A quick chat with open-source guru Bunnie Huang about open-source, hacking, and engineering reveals China excels at open-source model.
Caleb Kraft: You're designing an open-source laptop, correct? Why?
Bunnie Huang: That's correct, I've designed a motherboard that can be used in a laptop (among other things), and I've shared the schematics and PCB layout on my website. The motivation question is answered here: www.bunniestudios.com/blog/?p=3597. The content is CC BY-SA, so you can repost it, no problem. Here's the relevant section:
About a year and a half ago, I engaged on an admittedly quixotic project to build my own laptop. By I, I mean we, namely Sean "xobs" Cross and me, bunnie. Building your own laptop makes about as much sense as retrofitting a Honda Civic with a 1000hp motor, but the lack of practicality never stopped the latter activity, nor ours.
My primary goal in building a laptop was to build something I would use every day. I had previously spent several years at chumby building hardware platforms that I'm ashamed to admit I rarely used. My parents and siblings loved those little boxes, but they weren't powerful enough for a geek like me. I try to allocate my discretionary funds towards things based on how often I use them. Hence, I have a nice bed, as I spend a third of my life in it. The other two thirds of my life is spent tapping at a laptop (I refuse to downgrade to a phone or tablet as my primary platform), and so when picking a thing to build that I can use every day, a laptop is a good candidate.
The project was also motivated by my desire to learn all things hardware. Before this project, I had never designed with Gigabit Ethernet (RGMII), SATA, PCI-express, DDR3, gas gauges, eDP, or even a power converter capable of handling 35 watts – my typical power envelope is under 10 watts, so I was always able to get away with converters that had integrated switches. Building my own laptop would be a great way for me to stretch my legs a bit without the cost and schedule constraints normally associated with commercial projects.
The final bit of motivation is my passion for open hardware. I'm a big fan of opening up the blueprints for the hardware you run – if you can't hack it, you don't own it.
Back when I started the project, it was me and a few hard core Open ecosystem enthusiasts pushing this point, but Edward Snowden changed the world with revelations that the NSA has in fact taken advantage of the black-box nature of the closed hardware ecosystem to implement spying measures ("good news, we weren't crazy paranoids after all").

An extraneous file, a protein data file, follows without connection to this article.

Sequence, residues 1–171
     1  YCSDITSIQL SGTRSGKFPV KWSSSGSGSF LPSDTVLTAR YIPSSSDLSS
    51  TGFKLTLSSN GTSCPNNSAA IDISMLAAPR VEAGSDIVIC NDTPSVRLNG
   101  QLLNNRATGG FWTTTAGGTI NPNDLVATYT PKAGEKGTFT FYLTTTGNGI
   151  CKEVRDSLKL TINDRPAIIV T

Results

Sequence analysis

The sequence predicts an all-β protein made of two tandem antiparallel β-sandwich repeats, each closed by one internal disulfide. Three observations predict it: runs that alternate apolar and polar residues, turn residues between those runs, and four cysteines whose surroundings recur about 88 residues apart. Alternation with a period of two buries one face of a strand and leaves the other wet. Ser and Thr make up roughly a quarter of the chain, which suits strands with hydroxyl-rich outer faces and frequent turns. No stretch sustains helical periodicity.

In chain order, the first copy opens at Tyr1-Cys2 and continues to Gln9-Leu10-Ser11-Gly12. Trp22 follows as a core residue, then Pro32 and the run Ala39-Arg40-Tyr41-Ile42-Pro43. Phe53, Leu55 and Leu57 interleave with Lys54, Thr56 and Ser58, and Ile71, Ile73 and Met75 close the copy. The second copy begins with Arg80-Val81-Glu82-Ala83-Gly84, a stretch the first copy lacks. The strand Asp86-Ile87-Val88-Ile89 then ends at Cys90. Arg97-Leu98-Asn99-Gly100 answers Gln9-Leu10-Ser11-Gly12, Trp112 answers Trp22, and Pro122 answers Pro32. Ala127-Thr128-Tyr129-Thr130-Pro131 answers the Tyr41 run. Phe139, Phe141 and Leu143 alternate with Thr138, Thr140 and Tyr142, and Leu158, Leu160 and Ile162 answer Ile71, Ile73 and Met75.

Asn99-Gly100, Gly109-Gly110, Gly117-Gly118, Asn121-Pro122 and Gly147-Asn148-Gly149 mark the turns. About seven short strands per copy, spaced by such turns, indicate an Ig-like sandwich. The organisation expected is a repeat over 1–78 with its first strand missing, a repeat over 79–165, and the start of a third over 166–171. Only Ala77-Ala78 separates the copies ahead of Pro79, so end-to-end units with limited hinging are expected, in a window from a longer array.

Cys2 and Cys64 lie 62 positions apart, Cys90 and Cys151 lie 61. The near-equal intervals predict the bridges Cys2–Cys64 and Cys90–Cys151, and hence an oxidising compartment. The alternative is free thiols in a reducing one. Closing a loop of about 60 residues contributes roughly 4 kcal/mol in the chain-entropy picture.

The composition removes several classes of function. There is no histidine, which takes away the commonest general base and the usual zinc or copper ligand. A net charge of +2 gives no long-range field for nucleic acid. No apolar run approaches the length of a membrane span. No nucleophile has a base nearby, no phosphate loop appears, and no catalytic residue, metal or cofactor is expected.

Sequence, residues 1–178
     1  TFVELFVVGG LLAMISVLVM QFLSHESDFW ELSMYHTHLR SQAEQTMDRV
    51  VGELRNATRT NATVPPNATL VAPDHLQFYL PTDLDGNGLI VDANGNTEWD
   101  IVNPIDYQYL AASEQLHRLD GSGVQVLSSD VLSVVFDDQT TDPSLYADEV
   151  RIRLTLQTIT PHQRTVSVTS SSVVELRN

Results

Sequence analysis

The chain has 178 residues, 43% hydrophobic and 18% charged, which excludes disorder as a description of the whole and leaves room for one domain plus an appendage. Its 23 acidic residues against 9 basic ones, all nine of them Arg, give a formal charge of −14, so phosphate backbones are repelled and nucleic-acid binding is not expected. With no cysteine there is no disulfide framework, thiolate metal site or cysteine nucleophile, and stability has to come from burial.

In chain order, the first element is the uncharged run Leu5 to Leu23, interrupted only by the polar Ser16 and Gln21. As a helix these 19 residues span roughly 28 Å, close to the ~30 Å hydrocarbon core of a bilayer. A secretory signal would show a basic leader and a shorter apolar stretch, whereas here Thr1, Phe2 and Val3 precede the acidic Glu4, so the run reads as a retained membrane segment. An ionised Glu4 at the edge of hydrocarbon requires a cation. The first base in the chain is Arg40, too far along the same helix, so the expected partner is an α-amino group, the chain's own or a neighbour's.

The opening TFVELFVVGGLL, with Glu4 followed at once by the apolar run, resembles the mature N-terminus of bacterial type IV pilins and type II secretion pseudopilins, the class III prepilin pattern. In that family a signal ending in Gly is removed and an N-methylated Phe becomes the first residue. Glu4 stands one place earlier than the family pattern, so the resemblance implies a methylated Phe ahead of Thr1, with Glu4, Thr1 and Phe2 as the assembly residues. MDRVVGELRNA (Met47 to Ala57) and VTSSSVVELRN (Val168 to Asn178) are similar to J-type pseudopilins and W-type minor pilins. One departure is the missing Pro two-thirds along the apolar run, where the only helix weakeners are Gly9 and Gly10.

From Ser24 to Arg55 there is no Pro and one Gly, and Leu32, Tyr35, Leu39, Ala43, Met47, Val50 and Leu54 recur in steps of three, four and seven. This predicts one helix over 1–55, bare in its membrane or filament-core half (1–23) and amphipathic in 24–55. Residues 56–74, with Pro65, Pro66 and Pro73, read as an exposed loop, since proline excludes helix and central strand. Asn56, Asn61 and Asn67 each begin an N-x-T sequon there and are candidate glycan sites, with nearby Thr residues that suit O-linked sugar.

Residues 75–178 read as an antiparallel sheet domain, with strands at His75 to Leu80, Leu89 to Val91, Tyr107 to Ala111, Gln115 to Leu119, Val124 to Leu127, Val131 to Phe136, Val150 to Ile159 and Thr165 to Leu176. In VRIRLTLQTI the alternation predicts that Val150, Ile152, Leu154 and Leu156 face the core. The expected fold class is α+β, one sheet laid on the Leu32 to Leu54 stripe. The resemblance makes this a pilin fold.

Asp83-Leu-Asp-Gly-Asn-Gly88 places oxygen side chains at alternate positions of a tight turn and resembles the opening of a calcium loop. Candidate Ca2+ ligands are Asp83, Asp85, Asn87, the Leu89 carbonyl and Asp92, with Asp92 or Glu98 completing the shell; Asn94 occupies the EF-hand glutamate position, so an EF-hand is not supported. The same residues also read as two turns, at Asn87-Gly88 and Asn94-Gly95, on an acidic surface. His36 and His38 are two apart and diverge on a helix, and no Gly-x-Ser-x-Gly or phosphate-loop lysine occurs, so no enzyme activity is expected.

Our Novena Project is of course still vulnerable to techniques such as silicon poisoning, but at least it pushes openness and disclosure down a layer, which is tangible progress in the right direction.
CK: There has been some frustration with a single closed-source component in your laptop. Do you think that will get resolved so that it can be entirely open-source? Do you feel that is necessary to achieve your goal?
BH: Again, layers of openness. Actually, all the components are closed. I don't have the formula for the dielectric of the capacitors; nor do I have the design for the magnetics inside the Ethernet jack, or mask works for any of the chips. I have only pushed one layer down of openness, namely, into the circuit card assembly design. It's the one and only piece that I personally have full control over and have the full freedom to choose to make open. It's progress in the right direction, and I'm happy to move the ball in the right direction, even if it's still not totally in the end-zone.
I believe the "closed-source component" you are referring to is the GPU embedded within the ARM SoC. The GPU is annoyingly closed; but I use the laptop every day just fine without it. There's not a lot that I do that requires a GPU, and I don't particularly care for fancy window manager effects and what not (in fact, I go out of my way to turn them off when they are introduced into other OSes). However, scrolling would be a little bit smoother if we could use the GPU, and there are some projects to reverse-engineer the GPU that I'm excited about.
I'm perfectly happy to work with reverse-engineered components and consider them "open" for my personal purposes -- if I can hack it, I own it; even if hacking it means a little elbow grease to extract the details. I'm not stymied by dogma; as long as the net result is constant progress toward more openness, I believe we're better off today than we were yesterday.
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If you want to know more about the fascinating projects and ideas that Bunnie is involved with, you're just going to have to come to EE Live! and hear him speak! You can find the topics he's going to be covering in the announcement of his keynote.
— Caleb Kraft, Chief Community Editor, EE Times